|Managing Injuries - Law 5
Offside – Law 5
Injuries can occur at all levels of the game so it’s
important for referees to handle injuries in accordance with
the Laws of the Game while making player safety a priority.
Watch the video, Managing Injuries, to learn more about U.S.
Soccer’s recommendations on how to effectively deal with
minor and serious injuries.
||Law 5 states that the
referee should stop the match at his or her discretion for
any infringement of the Laws of the Game.
Dismiss - Law 5
||Not Involved in Active Play – Law 11
It's important for officials of all levels to know how to
effectively deal with coaches and other team officials who
behave poorly during a game. Watch the video segment, Ask,
Tell, Dismiss , to learn more about U.S. Soccer's
recommended approach for taking action towards team
officials who fail to conduct themselves in a responsible
||Law 11 states that it
is not an offense in itself to be in an offside position. An
attacker is penalized only when in an offside position and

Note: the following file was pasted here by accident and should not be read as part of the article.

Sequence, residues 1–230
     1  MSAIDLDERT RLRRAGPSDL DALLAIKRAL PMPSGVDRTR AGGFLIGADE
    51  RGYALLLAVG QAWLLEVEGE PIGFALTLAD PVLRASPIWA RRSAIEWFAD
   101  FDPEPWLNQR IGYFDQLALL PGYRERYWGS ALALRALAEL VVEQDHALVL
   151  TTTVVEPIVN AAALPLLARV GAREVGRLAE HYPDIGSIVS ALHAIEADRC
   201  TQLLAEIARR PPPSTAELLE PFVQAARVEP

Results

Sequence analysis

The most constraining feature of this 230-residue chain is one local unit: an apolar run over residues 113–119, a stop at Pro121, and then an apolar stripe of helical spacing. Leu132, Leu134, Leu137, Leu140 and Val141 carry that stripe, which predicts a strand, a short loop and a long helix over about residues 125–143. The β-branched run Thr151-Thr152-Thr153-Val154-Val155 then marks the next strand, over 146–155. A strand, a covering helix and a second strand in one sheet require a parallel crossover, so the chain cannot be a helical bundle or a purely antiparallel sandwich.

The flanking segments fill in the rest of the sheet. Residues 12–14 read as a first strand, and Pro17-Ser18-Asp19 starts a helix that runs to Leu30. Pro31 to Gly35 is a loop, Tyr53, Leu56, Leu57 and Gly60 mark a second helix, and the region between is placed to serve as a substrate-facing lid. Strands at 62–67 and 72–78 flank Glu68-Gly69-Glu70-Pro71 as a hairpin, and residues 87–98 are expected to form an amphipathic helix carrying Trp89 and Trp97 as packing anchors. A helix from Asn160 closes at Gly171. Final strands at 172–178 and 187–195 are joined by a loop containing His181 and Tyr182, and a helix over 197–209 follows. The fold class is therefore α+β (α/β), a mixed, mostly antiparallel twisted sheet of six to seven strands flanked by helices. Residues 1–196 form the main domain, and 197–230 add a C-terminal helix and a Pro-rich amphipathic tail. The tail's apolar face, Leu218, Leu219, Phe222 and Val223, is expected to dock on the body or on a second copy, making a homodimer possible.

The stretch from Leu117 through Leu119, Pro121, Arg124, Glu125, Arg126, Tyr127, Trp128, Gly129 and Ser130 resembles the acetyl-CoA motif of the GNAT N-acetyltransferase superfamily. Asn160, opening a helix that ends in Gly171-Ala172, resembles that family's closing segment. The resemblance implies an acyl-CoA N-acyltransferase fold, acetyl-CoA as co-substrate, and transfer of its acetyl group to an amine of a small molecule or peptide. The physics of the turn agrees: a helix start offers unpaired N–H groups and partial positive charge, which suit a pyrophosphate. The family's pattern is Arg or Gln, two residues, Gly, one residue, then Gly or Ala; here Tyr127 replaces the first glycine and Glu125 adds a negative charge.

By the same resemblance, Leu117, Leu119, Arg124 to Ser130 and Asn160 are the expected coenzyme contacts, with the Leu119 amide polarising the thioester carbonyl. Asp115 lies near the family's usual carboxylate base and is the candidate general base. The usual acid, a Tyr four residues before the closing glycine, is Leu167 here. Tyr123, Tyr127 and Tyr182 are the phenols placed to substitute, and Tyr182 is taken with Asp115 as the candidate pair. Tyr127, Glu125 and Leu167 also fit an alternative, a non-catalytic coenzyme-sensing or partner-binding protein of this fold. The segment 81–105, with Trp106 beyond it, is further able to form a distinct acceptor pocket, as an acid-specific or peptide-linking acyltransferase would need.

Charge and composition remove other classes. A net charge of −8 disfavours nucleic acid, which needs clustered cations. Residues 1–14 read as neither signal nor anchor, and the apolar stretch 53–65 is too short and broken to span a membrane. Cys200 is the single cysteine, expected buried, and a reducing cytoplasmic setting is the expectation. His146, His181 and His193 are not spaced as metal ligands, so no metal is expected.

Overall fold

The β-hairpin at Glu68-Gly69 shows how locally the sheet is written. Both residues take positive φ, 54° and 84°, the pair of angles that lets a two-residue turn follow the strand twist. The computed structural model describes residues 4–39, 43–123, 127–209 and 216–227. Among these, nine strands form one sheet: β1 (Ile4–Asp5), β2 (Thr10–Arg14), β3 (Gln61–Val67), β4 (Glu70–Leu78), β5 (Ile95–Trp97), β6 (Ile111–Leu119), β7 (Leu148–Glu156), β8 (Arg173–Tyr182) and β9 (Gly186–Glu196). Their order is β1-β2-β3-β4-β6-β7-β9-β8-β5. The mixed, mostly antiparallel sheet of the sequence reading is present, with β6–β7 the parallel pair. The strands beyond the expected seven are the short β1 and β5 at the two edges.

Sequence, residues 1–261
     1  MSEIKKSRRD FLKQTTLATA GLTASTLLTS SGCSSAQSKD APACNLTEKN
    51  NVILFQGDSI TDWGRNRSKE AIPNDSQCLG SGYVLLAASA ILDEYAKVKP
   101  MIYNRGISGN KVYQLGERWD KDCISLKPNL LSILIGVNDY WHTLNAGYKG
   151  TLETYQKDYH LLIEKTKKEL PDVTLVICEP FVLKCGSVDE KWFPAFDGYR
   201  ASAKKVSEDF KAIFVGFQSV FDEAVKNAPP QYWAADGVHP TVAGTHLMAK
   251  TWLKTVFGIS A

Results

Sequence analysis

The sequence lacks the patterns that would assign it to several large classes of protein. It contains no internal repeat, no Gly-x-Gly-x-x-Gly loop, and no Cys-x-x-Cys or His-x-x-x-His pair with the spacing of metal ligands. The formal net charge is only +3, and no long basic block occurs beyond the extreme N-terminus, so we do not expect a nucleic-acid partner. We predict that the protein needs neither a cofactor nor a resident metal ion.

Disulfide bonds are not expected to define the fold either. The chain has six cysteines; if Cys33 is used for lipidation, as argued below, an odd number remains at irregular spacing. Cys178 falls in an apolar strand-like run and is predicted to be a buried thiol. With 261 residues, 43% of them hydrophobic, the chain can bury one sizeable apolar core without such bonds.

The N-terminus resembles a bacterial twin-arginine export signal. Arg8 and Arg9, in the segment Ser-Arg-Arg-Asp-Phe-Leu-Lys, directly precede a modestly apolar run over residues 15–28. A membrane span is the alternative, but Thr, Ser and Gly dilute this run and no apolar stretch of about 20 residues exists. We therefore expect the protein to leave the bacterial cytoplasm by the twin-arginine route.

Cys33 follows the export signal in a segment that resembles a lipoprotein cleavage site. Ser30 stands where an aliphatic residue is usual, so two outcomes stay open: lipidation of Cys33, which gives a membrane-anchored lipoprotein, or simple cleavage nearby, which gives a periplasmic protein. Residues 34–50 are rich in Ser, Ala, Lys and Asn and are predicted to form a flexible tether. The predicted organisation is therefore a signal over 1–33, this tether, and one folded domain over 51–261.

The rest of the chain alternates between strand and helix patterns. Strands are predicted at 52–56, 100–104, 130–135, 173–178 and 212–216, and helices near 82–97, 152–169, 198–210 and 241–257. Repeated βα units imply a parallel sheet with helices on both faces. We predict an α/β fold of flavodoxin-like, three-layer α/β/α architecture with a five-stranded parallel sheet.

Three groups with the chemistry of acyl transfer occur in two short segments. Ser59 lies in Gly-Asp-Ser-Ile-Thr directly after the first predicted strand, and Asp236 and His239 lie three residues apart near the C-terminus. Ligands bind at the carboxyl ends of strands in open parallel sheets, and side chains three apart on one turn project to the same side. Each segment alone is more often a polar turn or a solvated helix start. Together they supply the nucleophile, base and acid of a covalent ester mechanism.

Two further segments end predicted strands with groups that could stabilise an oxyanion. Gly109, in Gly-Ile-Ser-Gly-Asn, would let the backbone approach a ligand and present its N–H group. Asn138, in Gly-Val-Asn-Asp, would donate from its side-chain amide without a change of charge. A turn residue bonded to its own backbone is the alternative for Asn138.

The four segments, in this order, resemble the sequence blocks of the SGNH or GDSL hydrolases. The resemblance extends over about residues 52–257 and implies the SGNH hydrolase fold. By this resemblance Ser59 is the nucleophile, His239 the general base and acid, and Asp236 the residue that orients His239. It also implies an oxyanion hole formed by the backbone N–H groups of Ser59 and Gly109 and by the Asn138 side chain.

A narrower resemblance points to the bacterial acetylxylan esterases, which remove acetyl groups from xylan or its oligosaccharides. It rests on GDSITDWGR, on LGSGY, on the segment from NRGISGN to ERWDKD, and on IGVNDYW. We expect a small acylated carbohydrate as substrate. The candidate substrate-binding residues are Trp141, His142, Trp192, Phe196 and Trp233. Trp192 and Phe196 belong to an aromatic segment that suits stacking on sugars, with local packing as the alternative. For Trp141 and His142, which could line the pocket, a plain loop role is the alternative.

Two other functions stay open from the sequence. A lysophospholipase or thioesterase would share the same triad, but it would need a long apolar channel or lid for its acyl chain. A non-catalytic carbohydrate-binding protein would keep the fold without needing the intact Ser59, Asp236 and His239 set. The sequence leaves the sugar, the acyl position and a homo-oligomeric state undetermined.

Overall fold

involved in active play. This means the referee must
determine that a player is participating in one of the
following: interfering with play, interfering with an
opponent or gaining an advantage by being in that position.
Second-to-Last Opponent–Law 11
||Interfering With Play – Law 11
Law 11 states that a player is not in an offside position
when in his or her own half of the field, level with the
second-to-last opponent, or level with the last two
||Law 11 states that a
player in an offside position can only be penalized for
offside by becoming involved in active play. One way to
become involved in active play is by interfering with play,
which means playing or touching the ball when passed or
touched by a teammate.